The statute under which State Bar instituted this proceeding, G.S. 84-28(2)(a) (1975), makes "Commission of a criminal offense showing professional unfitness" one of the grounds for disciplinary action against an attorney. As rewritten by 1975 N.C.Sess.Laws, ch. 582, § 5 (effective 1 July 1975 and codified as G.S. 84-28(b)(1) (Cum. Supp.1975), the corresponding ground is "Conviction of a criminal offense showing professional unfitness." (Italics ours.) Presumably the General Assembly understood the legal effect of a plea of nolo contendere to a criminal offense involving moral turpitude and constituting conduct showing professional unfitness. We note the omission from the statute of such a plea as a ground for disciplinary action against an attorney.

We have no doubt that respondent's plea of nolo contendere was entered and accepted in reliance upon "all the implications and *525 reservations which under the law . . . appertain to that plea." Fundamental fairness would preclude making an ex post facto exception to the long established rule that the plea of nolo contendere has no effect beyond the particular case in which it was entered and cannot be used against the accused as an admission of guilt in any subsequent civil or criminal action.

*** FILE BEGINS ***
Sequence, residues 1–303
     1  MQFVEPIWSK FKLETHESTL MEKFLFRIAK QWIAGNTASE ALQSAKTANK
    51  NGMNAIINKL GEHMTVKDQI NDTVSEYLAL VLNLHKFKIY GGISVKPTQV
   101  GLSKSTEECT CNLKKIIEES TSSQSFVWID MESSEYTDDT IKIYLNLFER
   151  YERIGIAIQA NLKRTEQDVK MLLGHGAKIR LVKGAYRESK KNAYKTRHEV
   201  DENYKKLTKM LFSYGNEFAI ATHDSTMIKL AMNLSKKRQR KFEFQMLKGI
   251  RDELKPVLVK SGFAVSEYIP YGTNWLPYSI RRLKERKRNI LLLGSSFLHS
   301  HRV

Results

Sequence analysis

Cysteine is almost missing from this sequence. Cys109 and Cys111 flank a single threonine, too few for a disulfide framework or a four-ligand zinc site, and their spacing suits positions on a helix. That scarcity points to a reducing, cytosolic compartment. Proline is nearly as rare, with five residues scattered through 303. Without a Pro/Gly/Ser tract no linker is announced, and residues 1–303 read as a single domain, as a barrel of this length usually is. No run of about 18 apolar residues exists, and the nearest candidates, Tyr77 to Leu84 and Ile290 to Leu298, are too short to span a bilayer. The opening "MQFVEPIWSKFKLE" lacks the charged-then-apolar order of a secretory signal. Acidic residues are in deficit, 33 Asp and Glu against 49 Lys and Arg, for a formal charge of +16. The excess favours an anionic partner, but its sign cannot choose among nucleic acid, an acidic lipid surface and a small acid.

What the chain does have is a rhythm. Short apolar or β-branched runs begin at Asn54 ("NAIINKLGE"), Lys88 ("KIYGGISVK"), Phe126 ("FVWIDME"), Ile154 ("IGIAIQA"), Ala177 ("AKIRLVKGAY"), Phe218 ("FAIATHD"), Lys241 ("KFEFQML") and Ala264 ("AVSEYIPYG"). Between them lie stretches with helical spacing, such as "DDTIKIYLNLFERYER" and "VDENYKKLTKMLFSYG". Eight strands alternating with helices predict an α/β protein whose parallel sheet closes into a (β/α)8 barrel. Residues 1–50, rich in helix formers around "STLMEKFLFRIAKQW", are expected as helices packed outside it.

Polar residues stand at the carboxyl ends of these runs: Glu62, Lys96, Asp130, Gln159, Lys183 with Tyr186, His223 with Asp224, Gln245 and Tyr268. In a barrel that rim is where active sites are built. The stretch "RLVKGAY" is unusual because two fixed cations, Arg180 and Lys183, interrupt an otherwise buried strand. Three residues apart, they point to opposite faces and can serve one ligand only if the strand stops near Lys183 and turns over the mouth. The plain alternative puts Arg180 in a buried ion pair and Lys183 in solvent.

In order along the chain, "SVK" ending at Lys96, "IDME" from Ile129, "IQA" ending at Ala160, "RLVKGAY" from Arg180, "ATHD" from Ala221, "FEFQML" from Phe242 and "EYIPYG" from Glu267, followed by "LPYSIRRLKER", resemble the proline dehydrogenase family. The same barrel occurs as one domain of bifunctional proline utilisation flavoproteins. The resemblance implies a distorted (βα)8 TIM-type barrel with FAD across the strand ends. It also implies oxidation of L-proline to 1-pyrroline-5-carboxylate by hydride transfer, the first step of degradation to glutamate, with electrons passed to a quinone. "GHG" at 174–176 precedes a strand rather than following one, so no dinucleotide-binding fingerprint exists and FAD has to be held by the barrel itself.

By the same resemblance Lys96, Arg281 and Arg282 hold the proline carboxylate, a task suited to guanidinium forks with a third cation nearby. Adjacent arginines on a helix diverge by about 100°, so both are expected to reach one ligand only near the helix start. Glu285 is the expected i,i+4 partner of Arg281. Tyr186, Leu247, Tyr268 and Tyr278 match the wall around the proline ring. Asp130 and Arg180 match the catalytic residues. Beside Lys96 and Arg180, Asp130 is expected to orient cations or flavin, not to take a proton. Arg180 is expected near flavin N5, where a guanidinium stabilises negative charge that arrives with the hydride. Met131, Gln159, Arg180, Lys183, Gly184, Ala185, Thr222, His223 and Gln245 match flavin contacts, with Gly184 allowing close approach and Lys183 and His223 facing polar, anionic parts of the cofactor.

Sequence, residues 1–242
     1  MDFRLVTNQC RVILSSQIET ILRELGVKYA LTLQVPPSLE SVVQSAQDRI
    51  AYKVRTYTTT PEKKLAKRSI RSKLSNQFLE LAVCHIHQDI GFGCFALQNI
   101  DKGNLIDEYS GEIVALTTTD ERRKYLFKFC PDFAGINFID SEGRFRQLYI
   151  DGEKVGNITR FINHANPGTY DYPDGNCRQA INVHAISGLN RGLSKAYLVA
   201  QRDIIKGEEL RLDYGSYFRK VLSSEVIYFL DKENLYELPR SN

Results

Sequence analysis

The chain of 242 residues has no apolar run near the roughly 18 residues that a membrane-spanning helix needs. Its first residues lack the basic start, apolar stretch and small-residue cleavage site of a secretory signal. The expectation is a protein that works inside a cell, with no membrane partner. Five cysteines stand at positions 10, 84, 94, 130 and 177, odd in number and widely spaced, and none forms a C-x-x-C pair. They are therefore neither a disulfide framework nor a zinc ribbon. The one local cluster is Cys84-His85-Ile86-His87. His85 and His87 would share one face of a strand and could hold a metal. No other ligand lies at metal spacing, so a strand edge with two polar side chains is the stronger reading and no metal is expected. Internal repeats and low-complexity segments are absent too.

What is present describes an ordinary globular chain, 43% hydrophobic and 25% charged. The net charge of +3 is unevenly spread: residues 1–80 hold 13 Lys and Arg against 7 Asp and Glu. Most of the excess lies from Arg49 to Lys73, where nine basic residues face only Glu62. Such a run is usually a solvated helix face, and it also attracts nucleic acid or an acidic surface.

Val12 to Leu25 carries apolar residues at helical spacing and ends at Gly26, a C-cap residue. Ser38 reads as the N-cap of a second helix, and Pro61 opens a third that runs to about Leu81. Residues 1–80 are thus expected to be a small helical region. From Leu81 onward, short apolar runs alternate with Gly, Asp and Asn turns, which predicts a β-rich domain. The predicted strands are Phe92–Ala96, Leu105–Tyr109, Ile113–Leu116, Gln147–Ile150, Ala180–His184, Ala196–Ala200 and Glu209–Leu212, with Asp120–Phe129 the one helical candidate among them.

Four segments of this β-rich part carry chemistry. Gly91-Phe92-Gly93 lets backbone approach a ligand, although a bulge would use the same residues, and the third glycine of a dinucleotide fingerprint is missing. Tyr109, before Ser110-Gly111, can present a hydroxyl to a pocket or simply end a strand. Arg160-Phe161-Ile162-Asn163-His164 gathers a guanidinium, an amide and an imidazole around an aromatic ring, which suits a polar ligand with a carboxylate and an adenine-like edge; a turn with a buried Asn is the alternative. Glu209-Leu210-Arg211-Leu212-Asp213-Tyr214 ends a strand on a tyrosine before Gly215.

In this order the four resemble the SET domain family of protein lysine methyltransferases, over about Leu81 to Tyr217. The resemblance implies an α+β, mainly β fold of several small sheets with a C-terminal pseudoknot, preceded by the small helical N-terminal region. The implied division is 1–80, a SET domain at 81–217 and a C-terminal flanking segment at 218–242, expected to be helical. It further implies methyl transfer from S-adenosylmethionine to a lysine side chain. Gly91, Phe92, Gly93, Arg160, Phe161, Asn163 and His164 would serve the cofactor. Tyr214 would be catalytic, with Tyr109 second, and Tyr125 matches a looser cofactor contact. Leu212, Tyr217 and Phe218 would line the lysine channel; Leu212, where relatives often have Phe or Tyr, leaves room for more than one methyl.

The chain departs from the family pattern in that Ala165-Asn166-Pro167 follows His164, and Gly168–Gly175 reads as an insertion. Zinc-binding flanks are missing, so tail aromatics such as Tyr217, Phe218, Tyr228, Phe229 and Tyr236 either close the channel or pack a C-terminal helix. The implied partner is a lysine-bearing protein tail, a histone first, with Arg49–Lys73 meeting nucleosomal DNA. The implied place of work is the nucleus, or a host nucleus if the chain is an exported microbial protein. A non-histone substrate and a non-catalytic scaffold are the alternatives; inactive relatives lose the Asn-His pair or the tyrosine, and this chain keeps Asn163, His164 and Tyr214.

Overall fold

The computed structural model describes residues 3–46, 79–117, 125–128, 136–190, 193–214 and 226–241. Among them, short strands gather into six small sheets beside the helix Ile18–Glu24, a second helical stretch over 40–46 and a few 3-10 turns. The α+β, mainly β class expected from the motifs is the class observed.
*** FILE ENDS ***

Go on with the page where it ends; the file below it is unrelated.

We hold that State Bar is not entitled to a judgment as a matter of law on the uncontroverted facts in this case. Respondent's denial of the charge to which he pled nolo contendere raises a genuine issue of material fact. Thus, State Bar is not entitled to summary judgment. The decision of the Court of Appeals is reversed, and this case will be remanded to the Superior Court for trial by jury as provided by G.S. 84-28(d)(1) (1975).

Reversed and Remanded.